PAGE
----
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52 Responses

  1. In your tutorial you had only 2 primary partition earlier at the start point. But I have 3 primary partitions consumed by windows:
    1st: System Reserved
    2nd: Windows Installation
    3rd: Application Software (I install windows software here)
    Unallocated space 120 GB

    I want to install 3 Linux OS in this Free space. Is is possible? How to do it?

    1. Unless you are using GPT-based partitioning, you have just 1 free primary partition left. That 120 GB of unallocated space will be created as an extended partition. From there, you then create the logical partitions to install the Linux distro(s).

      So the answer to the first part of your question, is yes, it is possible. The second answer will depend on what distros you intend to install. If you are new to disk partitioning in Linux, start with guide to disks and disk partitions in Linux.

      What are the 3 distros you intend to install?

      1. Thanks for quick reply.
        I want to install these three distros:

        1. Fedora 17 (I’ll use this mainly) within 70 GB

        2. Debian or Debian based distro (Just for testing)within 30 GB

        3. Any other distro (other than above two, just for testing ) within rest of the space

        Some more question:
        I will install Fedora 17 from Live USB. Do I need another third party tool to make that unallocated space as extended partition or Anaconda installer of Fedora will take care of that? I mean how to make an extended partition ?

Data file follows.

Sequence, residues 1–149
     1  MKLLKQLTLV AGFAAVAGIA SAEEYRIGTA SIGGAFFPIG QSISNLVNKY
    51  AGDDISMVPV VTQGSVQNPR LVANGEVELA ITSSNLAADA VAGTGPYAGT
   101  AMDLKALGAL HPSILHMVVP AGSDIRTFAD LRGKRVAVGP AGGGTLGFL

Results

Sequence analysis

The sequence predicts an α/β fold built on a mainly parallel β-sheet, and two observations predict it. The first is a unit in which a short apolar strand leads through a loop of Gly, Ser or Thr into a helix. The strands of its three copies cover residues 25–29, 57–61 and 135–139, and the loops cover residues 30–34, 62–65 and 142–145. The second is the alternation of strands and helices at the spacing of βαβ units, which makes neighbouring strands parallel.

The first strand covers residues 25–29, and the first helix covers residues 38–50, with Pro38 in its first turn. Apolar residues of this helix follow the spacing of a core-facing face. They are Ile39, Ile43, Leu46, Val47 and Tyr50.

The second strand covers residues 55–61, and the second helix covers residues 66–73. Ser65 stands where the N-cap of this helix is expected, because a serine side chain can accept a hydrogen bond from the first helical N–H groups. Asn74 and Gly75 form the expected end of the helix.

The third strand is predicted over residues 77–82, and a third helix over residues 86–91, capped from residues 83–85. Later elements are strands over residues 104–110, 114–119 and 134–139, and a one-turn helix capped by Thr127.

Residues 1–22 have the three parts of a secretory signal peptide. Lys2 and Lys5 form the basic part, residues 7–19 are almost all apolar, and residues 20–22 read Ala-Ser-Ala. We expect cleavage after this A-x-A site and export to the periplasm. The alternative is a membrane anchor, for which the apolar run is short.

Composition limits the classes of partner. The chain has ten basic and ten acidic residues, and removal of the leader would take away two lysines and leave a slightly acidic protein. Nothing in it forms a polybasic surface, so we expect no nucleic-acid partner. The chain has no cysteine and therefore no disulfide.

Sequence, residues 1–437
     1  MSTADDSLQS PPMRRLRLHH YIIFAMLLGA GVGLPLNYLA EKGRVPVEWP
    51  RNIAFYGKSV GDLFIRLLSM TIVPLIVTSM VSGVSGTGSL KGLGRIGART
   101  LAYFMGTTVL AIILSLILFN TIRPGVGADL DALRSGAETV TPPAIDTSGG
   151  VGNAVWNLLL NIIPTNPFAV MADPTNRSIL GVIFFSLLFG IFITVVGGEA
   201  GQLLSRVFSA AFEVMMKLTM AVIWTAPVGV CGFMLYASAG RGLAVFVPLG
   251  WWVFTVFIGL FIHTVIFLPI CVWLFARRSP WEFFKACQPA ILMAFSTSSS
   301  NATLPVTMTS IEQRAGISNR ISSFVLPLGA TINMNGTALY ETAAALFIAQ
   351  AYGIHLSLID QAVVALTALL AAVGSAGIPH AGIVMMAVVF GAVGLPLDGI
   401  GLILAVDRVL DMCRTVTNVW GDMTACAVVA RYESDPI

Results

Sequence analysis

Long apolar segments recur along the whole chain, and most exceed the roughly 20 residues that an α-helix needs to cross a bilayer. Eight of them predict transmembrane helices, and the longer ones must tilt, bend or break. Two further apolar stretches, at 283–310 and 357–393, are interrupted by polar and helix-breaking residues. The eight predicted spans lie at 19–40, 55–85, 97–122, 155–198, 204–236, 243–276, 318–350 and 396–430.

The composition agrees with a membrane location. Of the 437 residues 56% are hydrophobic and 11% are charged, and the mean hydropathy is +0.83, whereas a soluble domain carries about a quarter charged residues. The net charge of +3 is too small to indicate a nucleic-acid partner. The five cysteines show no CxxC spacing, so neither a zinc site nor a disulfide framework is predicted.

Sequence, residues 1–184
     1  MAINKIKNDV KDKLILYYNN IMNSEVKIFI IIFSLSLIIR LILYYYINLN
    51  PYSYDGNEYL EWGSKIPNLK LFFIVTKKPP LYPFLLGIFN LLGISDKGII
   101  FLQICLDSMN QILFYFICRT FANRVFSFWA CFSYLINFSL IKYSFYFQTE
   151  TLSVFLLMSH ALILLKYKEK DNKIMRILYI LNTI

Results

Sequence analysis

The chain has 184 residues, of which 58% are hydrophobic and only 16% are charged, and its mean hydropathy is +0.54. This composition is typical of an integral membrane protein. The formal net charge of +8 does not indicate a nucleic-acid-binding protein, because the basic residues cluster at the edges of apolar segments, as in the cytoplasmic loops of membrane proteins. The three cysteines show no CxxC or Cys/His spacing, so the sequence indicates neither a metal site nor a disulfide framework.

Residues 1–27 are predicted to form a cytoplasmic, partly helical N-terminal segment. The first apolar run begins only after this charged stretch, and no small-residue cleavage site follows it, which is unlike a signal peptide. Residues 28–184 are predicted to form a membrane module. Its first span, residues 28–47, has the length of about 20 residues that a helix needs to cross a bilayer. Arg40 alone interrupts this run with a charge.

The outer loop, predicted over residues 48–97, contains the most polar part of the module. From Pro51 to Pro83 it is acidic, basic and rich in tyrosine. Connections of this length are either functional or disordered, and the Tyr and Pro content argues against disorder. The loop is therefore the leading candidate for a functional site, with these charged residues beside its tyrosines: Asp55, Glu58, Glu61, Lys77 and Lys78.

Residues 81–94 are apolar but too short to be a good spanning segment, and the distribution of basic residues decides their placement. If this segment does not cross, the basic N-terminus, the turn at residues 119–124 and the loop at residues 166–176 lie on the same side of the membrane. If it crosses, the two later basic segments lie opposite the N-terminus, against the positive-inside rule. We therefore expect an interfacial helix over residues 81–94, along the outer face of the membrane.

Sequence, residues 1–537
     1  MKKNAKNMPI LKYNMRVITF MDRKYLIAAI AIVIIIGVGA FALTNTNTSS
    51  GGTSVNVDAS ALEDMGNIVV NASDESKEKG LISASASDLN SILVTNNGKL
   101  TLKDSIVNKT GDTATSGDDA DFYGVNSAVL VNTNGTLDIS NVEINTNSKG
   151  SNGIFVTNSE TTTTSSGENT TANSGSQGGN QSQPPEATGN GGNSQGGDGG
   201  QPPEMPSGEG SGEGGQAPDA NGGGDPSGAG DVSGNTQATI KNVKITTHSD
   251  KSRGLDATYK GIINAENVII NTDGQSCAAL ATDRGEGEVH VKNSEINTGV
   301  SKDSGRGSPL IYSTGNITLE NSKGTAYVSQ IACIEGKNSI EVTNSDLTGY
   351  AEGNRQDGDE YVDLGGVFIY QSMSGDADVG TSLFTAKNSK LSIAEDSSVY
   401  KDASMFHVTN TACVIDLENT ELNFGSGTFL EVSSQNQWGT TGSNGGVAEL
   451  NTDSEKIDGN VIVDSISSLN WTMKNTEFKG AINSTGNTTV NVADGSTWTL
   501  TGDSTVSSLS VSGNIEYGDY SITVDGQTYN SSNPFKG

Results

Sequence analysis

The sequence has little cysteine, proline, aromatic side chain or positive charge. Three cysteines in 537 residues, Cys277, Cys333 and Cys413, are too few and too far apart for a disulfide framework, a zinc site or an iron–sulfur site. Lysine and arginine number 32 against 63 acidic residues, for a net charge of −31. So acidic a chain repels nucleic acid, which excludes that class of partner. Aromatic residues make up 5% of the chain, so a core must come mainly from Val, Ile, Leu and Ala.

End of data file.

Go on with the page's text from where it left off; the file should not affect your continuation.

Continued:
1. If Fedora 17 will be the main distro, and you only want to use the other 2 for testing, one option (the easiest) is to install Fed. 17 on all 120 GB of free space, then install the other two in a virtual environment inside Fed. 17.

          Virtualbox is the easiest app that will enable you to install any other OS in a virtual environment.

          Anaconda or Debian’s installer will create the partitions you need.

          Note that if you opt to install all 3 on real hardware, it will be easier to install a distro, like Fed. 17, last, as an installer that does not support LVM will not “see” an LVM partition. (Fed 17 uses LVM by default.)

          I don’t think you need a 3rd-party tool to make a bootable Fed. 17 USB.

    1. In the order that you listed them. It might be best to put in a second HDD for Ubuntu and RH. A small HDD for Vista, and a lager one for the Linux distros.

  2. I have Windows XP, Linux Mint 9 and Linux Mint 11. On the top of it, I installed Ubuntu (by selecting ‘install alongside other OS’ option). Ubuntu is installed and after update-grub, it is even listed in the grub (It was not, before). But when I choose Ubuntu 12.04 from grub, some CLI type commands are listed in the screen and Ubuntu doesn’t load.

    What do you think is the issue? It was an automatic install and hence I am not sure if it created a / folder. Do you think I should reinstall Ubuntu? The customized installer in ubuntu is very complex. Do you have a tutorial for the same?